Congressman Tom Allen after his speech to the Maine Democrat Convention. Photo by Ramona du Houx

August/September 2006

by Ramona du Houx

Congressman Tom Allen works tirelessly for the people of the First District in the state of Maine. When he’s not fighting for the needs of Mainers in Washington, DC, he is at home attending meetings, talking to constituents, or visiting businesses and schools.

Recently the congressman sat down for an informal discussion.

Do you think we will win back control of the House?

“I believe we’re going to get control of the House for a host of reasons, mainly because of the failure of the president’s policies in Iraq, his effort to privatize social security, and his failure to do anything about the health-care crisis that is really driving small business and the uninsured crazy.”

Does the lack of health care make Americans more afraid to take risks?

“It’s adding insecurity. It’s not the bankrupting of America, but it’s putting us in a fiscal hole that is totally unnecessary; totally exorbitant tax cuts for the wealthiest people and reducing programs and services that make a difference with the middle income and the poor. I believe these are all reasons why we can take back the House.”

Investment in R&D through the efforts of the governor enables the availability of federal funds, which you help secure. Recently you and the governor attended the Jackson Lab extension celebration that will add 125 research scientists to the facility, helping grow the economy. How do you feel Maine is doing economically?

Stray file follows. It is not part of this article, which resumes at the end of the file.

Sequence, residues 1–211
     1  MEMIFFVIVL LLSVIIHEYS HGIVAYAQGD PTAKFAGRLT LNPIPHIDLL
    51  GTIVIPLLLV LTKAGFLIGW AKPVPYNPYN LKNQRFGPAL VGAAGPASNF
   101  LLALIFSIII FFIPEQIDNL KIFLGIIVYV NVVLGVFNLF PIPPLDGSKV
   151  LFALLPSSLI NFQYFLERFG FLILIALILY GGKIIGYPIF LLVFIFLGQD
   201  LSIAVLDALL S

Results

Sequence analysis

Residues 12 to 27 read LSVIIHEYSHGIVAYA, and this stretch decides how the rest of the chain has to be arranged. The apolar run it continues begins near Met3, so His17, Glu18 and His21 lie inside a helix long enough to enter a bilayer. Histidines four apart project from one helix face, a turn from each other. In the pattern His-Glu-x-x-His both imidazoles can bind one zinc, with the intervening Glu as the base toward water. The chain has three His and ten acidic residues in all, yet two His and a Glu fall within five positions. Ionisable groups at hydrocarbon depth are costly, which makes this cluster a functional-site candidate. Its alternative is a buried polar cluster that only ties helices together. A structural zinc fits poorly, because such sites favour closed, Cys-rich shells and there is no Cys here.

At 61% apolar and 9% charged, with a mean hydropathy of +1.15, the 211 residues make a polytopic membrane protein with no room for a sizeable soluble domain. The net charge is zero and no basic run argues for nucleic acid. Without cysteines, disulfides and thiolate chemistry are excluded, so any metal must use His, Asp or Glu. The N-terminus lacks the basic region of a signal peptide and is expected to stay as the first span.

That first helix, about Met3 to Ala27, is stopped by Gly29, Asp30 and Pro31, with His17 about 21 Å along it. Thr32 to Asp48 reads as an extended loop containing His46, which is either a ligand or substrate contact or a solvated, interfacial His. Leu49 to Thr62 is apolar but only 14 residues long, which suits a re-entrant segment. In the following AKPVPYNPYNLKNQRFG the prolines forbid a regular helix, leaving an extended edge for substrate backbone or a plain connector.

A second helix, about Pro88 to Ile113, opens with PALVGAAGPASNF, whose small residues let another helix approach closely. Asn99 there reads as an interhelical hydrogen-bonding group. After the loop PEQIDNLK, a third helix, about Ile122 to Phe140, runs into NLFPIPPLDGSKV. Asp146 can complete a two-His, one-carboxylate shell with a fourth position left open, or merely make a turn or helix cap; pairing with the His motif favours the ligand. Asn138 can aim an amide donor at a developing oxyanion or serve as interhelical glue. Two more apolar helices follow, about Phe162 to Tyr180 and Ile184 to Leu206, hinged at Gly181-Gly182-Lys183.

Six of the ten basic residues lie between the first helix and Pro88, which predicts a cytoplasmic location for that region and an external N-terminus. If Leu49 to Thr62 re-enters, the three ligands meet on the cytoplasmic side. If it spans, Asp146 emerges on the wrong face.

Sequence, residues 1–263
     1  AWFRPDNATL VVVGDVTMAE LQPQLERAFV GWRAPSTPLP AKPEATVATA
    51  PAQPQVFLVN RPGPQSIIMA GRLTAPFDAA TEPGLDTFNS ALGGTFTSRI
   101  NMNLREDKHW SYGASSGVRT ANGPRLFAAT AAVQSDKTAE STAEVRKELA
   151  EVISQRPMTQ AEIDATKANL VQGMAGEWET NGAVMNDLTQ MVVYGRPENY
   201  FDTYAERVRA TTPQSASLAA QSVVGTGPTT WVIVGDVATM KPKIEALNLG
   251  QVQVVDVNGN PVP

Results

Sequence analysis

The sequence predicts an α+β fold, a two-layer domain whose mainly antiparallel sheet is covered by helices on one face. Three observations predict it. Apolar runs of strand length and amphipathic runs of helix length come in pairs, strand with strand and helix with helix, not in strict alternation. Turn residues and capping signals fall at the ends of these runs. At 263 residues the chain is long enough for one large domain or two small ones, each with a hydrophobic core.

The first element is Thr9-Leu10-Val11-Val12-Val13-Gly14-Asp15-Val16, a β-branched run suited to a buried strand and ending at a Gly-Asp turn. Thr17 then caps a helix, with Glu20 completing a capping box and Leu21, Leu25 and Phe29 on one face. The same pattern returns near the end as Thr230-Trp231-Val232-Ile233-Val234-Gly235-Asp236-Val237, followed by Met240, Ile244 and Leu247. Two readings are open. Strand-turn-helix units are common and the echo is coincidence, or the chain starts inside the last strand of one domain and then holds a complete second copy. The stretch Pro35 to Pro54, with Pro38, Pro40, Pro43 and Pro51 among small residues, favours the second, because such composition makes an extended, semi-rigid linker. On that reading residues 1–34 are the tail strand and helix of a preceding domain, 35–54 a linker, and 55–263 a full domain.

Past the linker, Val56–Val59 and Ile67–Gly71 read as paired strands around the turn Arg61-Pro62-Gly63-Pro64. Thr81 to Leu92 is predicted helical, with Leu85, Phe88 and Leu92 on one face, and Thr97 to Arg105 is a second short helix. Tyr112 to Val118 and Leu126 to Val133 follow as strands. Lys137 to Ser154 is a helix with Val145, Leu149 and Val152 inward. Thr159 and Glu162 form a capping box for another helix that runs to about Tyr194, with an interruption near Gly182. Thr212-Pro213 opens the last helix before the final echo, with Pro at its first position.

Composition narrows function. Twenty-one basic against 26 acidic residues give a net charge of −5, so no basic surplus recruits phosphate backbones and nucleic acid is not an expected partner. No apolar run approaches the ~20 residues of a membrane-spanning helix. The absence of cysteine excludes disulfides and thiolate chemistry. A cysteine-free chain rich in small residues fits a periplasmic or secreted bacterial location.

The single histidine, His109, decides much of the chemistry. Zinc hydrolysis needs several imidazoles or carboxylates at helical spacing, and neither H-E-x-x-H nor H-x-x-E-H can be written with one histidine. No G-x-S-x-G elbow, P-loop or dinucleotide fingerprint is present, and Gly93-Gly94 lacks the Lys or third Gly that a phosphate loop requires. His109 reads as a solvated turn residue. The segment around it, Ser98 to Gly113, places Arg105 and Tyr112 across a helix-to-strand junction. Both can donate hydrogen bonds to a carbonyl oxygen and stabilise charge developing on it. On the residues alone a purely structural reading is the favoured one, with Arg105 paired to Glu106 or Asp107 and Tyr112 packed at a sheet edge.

“Too many people in Maine feel that we are doing worse than the rest of the country economically when in fact, even with this Bush administration, economic growth has been slightly above the national average, and the unemployment rate has been below the national average.

“York County is the fastest growing county is Maine. The in-migration now is significant. People are — for a whole host of reasons — coming to Maine.

“Maine is a relatively high-tax state, but I think too often people don’t realize that 87 percent of our state budget goes to K–12 education, the university system, and Medicaid. Our expenses in those areas are somewhat higher than other states, because we have so many people spread out through such a large area.”

Recently you introduced a new small business bill; tell me about it?

“I have a seven-point plan, and the center piece is first a small business health plan act, which would essentially provide people working in small businesses — with 50 employees or fewer — with a kind of health insurance that federal employees get. And each state would have two or three — at least — health-care plans to which small-business members could sign up. It wouldn’t necessarily be the responsibility of each business to get one plan, but individuals could sign up for one of any number of plans.